Figure 2

In our example we created a scope that included IP addresses 172.16.0.100-172.16.200 with a subnet mask of 255.255.255.0 (24 bit mask). Create a scope on your DHCP server that is valid for the second internal network on your network before proceeding to the next step. You should also configure the scope with a default gateway that points to the IP address on the NIC connected to the second internal network (if you plan on supporting SecureNAT clients on that network).

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Installing and configuring the DHCP Relay Agent on the ISA firewall

The next step is to configure the DHCP Relay Agent to listen on the interface on the second internal network. I will assume that you have already installed and configured the DHCP Relay Agent to support VPN clients, as described in the article Enabling DHCP Relay for VPN Clients http://isaserver.org/tutorials/2004dhcprelay.html. The only step we need to take now is to add the interface on the second internal network to the DHCP Relay Agents list of interfaces.

Perform the following steps to add the second interface:

  1. Click Start, point to Administrative Tools and click Routing and Remote Access.
  2. In the Routing and Remote Access console, expand the server name and then expand the IP Routing node. Click the DHCP Relay Agent node and then right click it. Click New Interface.
  3. Select the DMZ interface (or whatever you named the interface on the second internal network) and click OK in the New Interface of DHCP Relay Agent dialog box.


Figure 3

  1. Click OK in the DHCP Relay Properties – Internal Properties dialog box.
  2. Click Apply and then click OK.

Creating the ISA firewall Network for the Second Internal Network

Now we need to create an ISA firewall Network for the second internal network. I’m going to name this ISA firewall Network DMZ, but you can call it whatever you like. The fact is that when creating ISA firewall Networks, there is no difference between Internal and Perimeter networks in terms of their definitions as ISA firewall Networks.

Perform the following steps to define the second internal network’s ISA firewall Network:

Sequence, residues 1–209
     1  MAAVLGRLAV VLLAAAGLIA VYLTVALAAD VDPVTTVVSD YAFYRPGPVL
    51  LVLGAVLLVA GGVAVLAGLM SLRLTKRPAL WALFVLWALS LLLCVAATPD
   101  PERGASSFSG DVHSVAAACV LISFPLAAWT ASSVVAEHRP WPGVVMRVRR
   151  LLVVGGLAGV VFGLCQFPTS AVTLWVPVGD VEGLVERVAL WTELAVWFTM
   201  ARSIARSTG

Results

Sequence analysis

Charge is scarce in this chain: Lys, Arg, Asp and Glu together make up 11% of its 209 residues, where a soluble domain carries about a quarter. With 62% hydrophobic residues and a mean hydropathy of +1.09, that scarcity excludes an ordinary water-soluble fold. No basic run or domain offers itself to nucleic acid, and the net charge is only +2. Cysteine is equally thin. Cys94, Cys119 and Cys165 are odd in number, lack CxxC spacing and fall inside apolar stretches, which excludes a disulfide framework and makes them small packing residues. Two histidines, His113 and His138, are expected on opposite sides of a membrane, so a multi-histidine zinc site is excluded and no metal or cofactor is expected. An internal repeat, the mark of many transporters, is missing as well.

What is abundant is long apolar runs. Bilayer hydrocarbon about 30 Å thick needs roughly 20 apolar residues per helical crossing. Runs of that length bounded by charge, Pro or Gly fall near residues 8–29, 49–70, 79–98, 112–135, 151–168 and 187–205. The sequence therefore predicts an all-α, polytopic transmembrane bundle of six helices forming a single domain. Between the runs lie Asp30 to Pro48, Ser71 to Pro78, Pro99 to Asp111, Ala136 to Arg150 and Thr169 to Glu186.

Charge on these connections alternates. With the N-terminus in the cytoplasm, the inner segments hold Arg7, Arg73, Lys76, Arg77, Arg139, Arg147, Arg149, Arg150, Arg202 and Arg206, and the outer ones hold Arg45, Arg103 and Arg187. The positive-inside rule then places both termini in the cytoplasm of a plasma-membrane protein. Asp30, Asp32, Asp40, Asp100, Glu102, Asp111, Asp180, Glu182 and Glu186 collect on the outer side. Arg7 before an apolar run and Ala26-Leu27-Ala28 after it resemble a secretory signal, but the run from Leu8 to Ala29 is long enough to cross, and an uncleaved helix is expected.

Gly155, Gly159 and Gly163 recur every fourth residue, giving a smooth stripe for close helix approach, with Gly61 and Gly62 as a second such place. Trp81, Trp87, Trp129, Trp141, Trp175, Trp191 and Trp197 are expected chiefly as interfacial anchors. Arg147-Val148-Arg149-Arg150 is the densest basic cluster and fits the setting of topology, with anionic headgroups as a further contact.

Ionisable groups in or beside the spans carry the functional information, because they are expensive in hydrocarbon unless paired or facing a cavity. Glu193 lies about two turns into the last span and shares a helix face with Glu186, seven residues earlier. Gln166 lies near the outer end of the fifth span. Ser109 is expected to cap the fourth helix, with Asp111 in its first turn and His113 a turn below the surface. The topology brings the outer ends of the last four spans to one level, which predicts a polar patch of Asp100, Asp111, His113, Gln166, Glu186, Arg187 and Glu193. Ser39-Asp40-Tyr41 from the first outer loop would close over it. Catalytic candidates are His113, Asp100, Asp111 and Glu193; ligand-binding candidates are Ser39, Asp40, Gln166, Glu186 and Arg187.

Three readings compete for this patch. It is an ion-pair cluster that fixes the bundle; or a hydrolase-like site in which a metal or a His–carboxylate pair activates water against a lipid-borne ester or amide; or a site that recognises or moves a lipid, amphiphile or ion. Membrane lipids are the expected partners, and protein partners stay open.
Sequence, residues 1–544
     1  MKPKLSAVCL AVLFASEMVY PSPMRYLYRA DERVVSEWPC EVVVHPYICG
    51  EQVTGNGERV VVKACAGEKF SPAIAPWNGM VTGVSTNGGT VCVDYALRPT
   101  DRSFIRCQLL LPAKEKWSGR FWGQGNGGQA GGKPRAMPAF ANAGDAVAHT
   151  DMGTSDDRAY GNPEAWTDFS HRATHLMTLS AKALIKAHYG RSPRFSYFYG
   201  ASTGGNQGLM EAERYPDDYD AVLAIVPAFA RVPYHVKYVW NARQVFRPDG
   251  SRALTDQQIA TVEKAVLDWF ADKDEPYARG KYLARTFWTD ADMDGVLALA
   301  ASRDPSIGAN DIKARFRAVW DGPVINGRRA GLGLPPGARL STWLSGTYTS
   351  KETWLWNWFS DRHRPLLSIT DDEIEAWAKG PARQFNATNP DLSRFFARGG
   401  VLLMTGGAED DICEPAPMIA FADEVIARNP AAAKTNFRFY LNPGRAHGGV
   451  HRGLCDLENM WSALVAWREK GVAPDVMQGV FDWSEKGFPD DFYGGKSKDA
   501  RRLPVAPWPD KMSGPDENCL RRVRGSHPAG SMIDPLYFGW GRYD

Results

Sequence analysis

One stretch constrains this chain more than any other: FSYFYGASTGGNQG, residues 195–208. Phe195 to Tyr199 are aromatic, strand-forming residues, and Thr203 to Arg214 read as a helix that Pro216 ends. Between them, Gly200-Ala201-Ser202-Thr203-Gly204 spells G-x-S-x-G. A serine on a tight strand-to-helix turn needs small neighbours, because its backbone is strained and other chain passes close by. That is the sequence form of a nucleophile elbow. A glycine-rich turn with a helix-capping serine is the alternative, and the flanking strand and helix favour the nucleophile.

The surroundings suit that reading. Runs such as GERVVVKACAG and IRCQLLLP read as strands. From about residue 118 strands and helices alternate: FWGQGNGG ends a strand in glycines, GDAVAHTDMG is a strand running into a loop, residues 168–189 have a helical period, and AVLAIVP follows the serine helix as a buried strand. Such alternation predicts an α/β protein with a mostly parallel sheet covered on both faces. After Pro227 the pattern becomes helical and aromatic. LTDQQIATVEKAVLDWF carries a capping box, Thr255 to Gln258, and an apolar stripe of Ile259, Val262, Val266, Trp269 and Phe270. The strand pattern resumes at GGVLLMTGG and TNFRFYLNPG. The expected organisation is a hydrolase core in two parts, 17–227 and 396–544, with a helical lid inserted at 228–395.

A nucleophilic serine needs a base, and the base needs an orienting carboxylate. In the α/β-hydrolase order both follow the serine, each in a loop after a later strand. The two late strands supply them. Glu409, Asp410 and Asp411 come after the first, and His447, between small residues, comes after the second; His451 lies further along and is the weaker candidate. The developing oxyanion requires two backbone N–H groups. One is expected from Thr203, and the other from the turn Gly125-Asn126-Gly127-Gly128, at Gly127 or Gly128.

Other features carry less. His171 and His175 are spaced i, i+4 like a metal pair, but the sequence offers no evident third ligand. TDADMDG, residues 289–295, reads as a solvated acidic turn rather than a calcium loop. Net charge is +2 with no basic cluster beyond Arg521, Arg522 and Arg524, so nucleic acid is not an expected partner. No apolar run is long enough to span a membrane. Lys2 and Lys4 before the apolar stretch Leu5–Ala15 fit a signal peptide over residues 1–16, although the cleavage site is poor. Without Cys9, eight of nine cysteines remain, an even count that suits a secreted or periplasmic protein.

1. Open the Microsoft Internet Security and Acceleration Server 2004 management console and expand the server name. Expand the Configuration node and then click the Networks node.
  2. Click the Networks tab in the Details pane of the console. Click the Tasks tab in the Task Pane and then click the Create a New Network link.
  3. On the Welcome to the New Network Wizard page, enter a name for the network in the Network name text box. In this example, we’ll name the network DMZ. Click Next.
  4. On the Network Type page, select the Internal Network option. Click Next.
  5. On the Address Ranges page, click the Add Adapter button.
  6. In the Select Network Adapter dialog box, put a checkmark in the checkbox next to the DMZ interface. In this example, we have renamed the interface using the name DMZ. We will put a checkmark into that checkbox. Note the Network Interfaces Information that appears in the lower part of the dialog box. Click OK.


Figure 4

  1. Click Next on the Network Addresses page.


Figure 5

  1. Click Finish on the Completing the New Network Wizard page.
  2. The new Network appears in the list of Networks on the Networks tab.


Figure 6

Note that in the example discussed in this article, we do not need to create a Network Rule defining the route relationship between the DMZ and the Internal Network. The reason for this is that DHCP messages are communicated either to or from the ISA firewall itself, not from the DMZ Network to the Internal Network. If you want hosts on the DMZ and Internal Network to communicate with each other directly, then you’ll need to create a Network Rule to connect the Networks.